For the first time in years, Johnny Bannoura is excited about going to church.

Participating in worship is difficult for Bannoura and his four siblings, all deaf since birth. Trained to read lips, he can have trouble following worship leaders who chant in Greek or Latin, speak quickly or stand far away.

Now every Friday night in Bethlehem, Bannoura attends a deaf ministry of the Evangelical Lutheran Church in Jordan and the Holy Land (ELCJHL). (A second group meets Mondays in Ramallah.)

During the service he might help lead the prayers, or sign or sing along with a hymn. And there’s always a Bible story that is acted out, told and signed by Fursan Ayed Zu’mot, a vicar and ministry leader. Zu’mot, Bannoura and other worshipers discuss the story’s message and how they can live accordingly.

Worshipers attend a deaf ministry service of the Evangelical Lutheran Church in Jordan and the Holy Land.

Worshipers attend a deaf ministry service of the Evangelical Lutheran Church in Jordan and the Holy Land.

“Communication is 90 percent nonverbal,” Zu’mot said. “Watching body language, deaf people can understand a movie. So I use my whole body to tell a Bible story.”

The ministry began when ELCJHL Bishop Munib Younan noticed that churches in Palestine were ignoring the deaf. “Our church believes in holistic ministry and that we must serve all of God’s children,” he said. “Though they may be few, it is so important not to ignore this segment of society.”

Younan, who is also president of the Lutheran World Federation, learned that a deaf pastor had been ordained in Finland. So he approached the Finnish Evangelical Lutheran Mission in Jerusalem, which then recruited that pastor, Janne Rissanen, to start the ELCJHL ministry in 2011.

Personal visits

To find deaf Christians in largely Muslim cities, Rissanen visited deaf clubs around the West Bank and the Ephphetha School for the Deaf in Bethlehem. The first participants accepted his invitation, in part, because “I share the same life experience with them and I am able to take care of the soul of their starting points,” he said.

Today about 30 deaf people from diverse backgrounds — Orthodox, Latin Catholic, Maronite Catholic and Lutheran — share an eagerness to know more about Christ.

“I want to learn the Bible and I want to learn about Jesus,” Bannoura said. “Around the world, deaf people receive the proper treatment for Christian education, but here we do not have this. Now it is getting better.”

Mariana Mrabie, a Lutheran college student who attends the Ramallah ministry with her brother Majdi, said, “I understand everything that’s taught, all the stories about Jesus.” She’s grateful that “all of the deaf can gather together and worship God together.”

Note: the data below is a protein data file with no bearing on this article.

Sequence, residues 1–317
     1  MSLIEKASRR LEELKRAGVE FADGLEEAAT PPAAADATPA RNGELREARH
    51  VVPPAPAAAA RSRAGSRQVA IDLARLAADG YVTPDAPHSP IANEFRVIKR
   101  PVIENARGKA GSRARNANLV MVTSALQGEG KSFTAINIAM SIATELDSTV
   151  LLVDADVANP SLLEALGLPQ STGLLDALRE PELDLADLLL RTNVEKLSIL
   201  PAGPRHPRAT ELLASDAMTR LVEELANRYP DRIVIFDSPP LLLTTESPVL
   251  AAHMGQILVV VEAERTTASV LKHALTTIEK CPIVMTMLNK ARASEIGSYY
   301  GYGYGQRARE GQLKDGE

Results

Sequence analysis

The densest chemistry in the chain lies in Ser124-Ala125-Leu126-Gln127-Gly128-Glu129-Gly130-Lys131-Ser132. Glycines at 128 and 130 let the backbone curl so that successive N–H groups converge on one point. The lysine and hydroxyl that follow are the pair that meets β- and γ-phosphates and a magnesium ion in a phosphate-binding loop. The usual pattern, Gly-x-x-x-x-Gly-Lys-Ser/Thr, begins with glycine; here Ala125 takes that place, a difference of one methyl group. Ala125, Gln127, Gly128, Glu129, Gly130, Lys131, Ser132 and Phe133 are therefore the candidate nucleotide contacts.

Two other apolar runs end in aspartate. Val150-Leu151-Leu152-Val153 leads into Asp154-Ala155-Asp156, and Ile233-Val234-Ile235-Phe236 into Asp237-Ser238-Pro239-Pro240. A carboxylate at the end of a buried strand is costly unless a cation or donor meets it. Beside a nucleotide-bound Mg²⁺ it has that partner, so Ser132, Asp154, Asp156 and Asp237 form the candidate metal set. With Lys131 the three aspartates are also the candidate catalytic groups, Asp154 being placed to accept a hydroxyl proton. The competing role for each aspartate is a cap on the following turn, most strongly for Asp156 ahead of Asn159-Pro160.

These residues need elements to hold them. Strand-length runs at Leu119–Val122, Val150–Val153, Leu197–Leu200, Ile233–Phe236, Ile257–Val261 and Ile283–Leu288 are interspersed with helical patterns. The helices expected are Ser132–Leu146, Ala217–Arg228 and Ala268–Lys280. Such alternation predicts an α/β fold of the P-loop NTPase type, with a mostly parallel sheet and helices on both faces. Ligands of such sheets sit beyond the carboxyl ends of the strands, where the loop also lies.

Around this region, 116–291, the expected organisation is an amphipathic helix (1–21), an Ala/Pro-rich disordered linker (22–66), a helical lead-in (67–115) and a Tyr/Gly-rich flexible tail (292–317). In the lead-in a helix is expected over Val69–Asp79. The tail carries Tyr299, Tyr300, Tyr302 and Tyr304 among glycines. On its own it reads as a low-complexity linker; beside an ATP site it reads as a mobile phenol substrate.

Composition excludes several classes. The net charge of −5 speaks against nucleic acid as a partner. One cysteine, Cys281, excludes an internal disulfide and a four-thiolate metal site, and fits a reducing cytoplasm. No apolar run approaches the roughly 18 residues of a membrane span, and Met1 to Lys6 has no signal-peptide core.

For older Christians, deaf school  stopped at sixth grade. (Today deaf schools offer kindergarten through twelfth-grade.) Lip reading and speaking were stressed over sign language. Those who were taught sign language learned different versions. Rissanen said some in Palestine learned Palestinian sign language, while those schooled in Israel were taught Israeli Sign Language and those in Jordan were taught Jordanian Sign Language, which remains influential in Palestine today.

Isolated from hearing church members who can’t communicate with them and left out of Christian education, most deaf Christians have a sparse biblical foundation and may not know the “whys” behind sacraments like communion.

“The whole point of this ministry is to guide people to learn the Bible,” Zu’mot said. “They are not less than us. Because they are deaf, they should not be lost.”

The ELCJHL deaf ministry, Zu’mot said, is “like giving them life again while they are not part of that life.”

A welcome outreach

Along with weekly worship, Rissanen and Zu’mot help deaf confirmands with their studies, organize day trips, and raise funds for educational materials and occasionally hearing aids to help students like Mrabie with their studies. Home visits are a special priority.

The congregation grows by word of mouth as new members are located, visited and invited to worship. “People feel there is someone who cares about them, who wants to gather them again under one roof to worship God,” Zu’mot said.

To fully gather the community, Rissanen and Zu’mot hope to teach hearing church members to sign.

“Sign language is one of the most important languages to know because it is the language of God,” Zu’mot said. “God uses signs to talk to us.”

As outreach continues, Bannoura and others thrive in the new ministry. “I am still not fully knowledgeable about everything in the Bible. But over time, I am learning,” he said. “We are all improving our knowledge, thanks be to God.”

Global deaf connections

ELCA Global Mission staff and leaders of the Evangelical Lutheran Deaf Association ( met in Chicago Oct. 24 to explore ways to connect and partner with deaf ministries worldwide, said association President Linda Fairbanks.

Association members already are active supporters of the deaf ministry of the Lutheran Church of Christ in Nigeria. They also have participated in mission trips to Mexico, New Orleans, Haiti, Vietnam and Jamaica.

“Amazing connections happen when new partnerships are fostered,” said Sunitha Mortha, director for mission formation, ELCA Global Mission.

Anne Basye
Basye, a freelance writer living in Mount Vernon, Wash., is the author of Sustaining Simplicity: A Journal (ELCA, 2007).

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